Former owner Ramelius Resources' shift in focus to Mount Magnet in Western Australia's Murchison - aided by the cash bounty from Wattle Dam - saw its modest geological firepower at the time redirected to the centre that would underwrite its future.
Wattle Dam became something of a geological oddity, investigated by Australia's Commonwealth Scientific and Industrial Research Organisation and the Minerals Research Institute of Western Australia (MRIWA) because of irregular attributes.
A MRIWA report suggested a single deep diamond-core hole drilled beyond the 365m-deep underground workings at Wattle Dam that yielded 210,000oz at an average 14.gpt could be significant. It pointed to signs the 40-70m-wide alteration ‘halo' containing the rich gold pods continued into the regionally significant Spargoville shear.
"The commonly held belief around the time mining finished was that the mineralisation terminated at the Spargoville shear zone," Wither says.
"The deep drilling suggests the alteration associated with the Wattle Dam Main Zone mineralisation extends to and beyond the Spargoville shear zone.
"The deeper drilling was completed late in the life cycle of Wattle Dam, after Ramelius purchased Hill 50 and this theory, or modelling, was never extensively tested. Wattle Dam was only mined to 365m below surface - a relatively shallow underground mine - so Wattle Dam deeps is a near term target for Maximus."
Wattle Dam is in a package of tenements that have sat in a ‘family' of companies associated with the late Bob Kennedy for nearly 20 years. Kennedy was a former director and chairman of Ramelius. Another company, Tychean Resources, did a small amount of exploration around the former mine and identified Redback (JORC 2012 440,000t grading 3.02gpt for 42,900oz) 600m away. High-grade gold intersections over good widths at depths of 40m to 210m will be a focus of follow-up infill and extensional drilling by Maximus.
The company more recently raised eyebrows with a drill hit of 3m at 83.3gpt from 25m depth at what has been called S5, roughly midway between Wattle Dam and Redback.
"There was only one previous 20m RAB hole at S5," Wither says.
"The historical drill spacing across that 600m space between Redback and Wattle Dam is too broad to detect another Wattle Dam."
Golden Orb, roughly adjacent to Redback and about 550m south of Wattle Dam, has also produced high-grade intercepts between about 100-200m depth. And Core Farm, just north-east of Wattle Dam, has returned strong gold grades in shallow paleochannel material over about 450m. The free gold recoverable via a gravity circuit might present a small-scale mining opportunity while the underlying ultramafic rocks await to be tested.
Wither says the five areas are among more than 60 gold and nickel exploration targets Maximus has identified across about 30km of the fertile Spargoville Shear Zone.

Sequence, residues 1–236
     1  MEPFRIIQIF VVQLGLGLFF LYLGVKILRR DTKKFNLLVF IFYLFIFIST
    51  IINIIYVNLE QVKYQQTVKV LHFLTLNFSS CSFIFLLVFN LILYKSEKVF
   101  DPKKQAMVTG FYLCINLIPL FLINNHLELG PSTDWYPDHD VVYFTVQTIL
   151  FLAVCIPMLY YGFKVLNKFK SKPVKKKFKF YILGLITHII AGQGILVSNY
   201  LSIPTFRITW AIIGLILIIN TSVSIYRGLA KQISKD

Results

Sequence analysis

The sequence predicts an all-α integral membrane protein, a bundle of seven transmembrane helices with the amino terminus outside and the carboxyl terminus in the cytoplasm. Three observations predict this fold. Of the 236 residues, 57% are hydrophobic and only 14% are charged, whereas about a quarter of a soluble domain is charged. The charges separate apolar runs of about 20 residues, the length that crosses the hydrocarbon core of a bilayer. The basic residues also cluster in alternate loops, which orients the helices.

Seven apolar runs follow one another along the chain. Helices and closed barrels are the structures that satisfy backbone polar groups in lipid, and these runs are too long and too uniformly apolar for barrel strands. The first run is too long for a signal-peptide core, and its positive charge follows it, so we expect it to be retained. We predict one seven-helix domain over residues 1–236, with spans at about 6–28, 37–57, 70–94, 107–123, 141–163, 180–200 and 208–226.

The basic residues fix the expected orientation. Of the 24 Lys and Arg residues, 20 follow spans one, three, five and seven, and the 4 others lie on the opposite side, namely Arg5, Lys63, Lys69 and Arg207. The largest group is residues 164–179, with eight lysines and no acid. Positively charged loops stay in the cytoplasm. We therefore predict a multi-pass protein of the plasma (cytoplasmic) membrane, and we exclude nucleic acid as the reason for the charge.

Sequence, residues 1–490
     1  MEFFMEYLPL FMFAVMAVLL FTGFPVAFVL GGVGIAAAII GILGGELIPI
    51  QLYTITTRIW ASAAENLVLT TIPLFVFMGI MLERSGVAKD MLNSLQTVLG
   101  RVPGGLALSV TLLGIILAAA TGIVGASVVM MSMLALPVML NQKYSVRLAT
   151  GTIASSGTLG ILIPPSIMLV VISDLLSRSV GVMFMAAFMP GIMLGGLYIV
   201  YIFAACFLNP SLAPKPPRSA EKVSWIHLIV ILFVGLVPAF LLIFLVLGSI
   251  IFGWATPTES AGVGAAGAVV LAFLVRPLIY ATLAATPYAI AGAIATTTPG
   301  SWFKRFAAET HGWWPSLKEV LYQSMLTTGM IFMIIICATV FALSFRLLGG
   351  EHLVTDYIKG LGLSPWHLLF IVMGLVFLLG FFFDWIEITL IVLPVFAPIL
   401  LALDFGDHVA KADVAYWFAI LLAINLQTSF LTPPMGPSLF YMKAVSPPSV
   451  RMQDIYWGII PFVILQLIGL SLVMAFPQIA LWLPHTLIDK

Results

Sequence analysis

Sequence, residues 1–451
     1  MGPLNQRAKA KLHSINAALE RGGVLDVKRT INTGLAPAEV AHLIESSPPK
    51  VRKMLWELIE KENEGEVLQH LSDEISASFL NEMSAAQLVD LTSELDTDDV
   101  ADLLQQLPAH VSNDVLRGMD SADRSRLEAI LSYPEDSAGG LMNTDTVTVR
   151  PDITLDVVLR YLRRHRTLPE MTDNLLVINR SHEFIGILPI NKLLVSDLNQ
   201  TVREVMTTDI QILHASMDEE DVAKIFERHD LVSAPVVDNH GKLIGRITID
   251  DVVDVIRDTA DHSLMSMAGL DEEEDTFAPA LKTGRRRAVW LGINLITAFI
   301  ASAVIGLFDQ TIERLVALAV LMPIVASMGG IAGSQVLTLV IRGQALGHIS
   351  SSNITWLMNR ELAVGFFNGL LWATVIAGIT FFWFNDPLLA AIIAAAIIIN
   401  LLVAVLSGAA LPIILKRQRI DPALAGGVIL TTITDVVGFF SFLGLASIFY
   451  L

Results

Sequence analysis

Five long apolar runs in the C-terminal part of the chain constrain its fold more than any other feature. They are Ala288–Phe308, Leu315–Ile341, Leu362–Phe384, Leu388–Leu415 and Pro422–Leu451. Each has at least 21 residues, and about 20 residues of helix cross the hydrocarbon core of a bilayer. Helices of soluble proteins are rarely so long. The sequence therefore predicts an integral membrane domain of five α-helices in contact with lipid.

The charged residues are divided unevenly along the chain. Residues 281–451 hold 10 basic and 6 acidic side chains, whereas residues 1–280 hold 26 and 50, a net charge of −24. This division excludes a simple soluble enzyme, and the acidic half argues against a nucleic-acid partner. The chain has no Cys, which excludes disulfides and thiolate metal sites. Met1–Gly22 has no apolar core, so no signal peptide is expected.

The company continues to review historical exploration results and a 422-gigabyte data package.
Wither, a mining engineer who has held senior management and executive positions with companies in Australia, Africa and South America, recently appointed respected former CSA Global structural geologist Dr Travis Murphy to run Maximus' Spargoville exploration campaign, working with Kambalda-based senior geo, Andrew Wood.
Both experienced geologists have had extensive regional and WA goldfields experience.
A recent equity raising and cash at hand have left Maximus in a strong position to advance a significant exploration program.
"I think everyone looking at this ground sees that not much work has been done on it," Wither says.
"There is no real secret to success here; it just needs the work, including drilling, done. We are a small, mobile team focused on these assets.
"We have some near-term cash generation [production] opportunities, but we are hungry for new discoveries."
While getting hold of drill rigs at present is not easy given a state-wide build-up in gold and other exploration this year, Maximus has scheduled an imminent start to a follow-up program at S5 and will aim to get a bigger program underway at Redback before the end of the year.
"Our highest priority target is Redback," Wither says.
"The work by Tychean just adds to confidence that more Wattle Dams might be present.
"Redback has very similar alteration zones to Wattle Dam, and the [typical] high-grade intersections next to lower grade intersections.
"We are very interested in developing and growing the Redback resource and continuing the work at S5 to start building a better understanding of what sits between Redback and Wattle Dam where there's been virtually no previous drilling.
"So there is lots of opportunity on the main tenement, and then we've got another 18km to the north and 16km to the south with our gold rights.
"The eastern side of the Spargoville Shear zone has had high grade nickel deposits mined in the 1970s and 80s. The Kambalda komatiite ultramafics are significant globally for nickel sulphides and this is our second focus. At Hilditch we have nickel intersections sitting between a nickel gossan on surface and an EM conductor plate which hasn't been drill tested.
"And we see this through lots of our data, that we have multiple targets which haven't been followed up.
"It's good to have the second commodity because nickel is slowly getting its time in the sun again."
Up and down WA's Yilgarn block lots of drills are turning on brownfield sites as producers and explorers step up the hunt for high-grade deposits armed with the latest exploration tools.
The time has now come for Wattle Dam and Spargoville to get the same attention after a 10-year hiatus.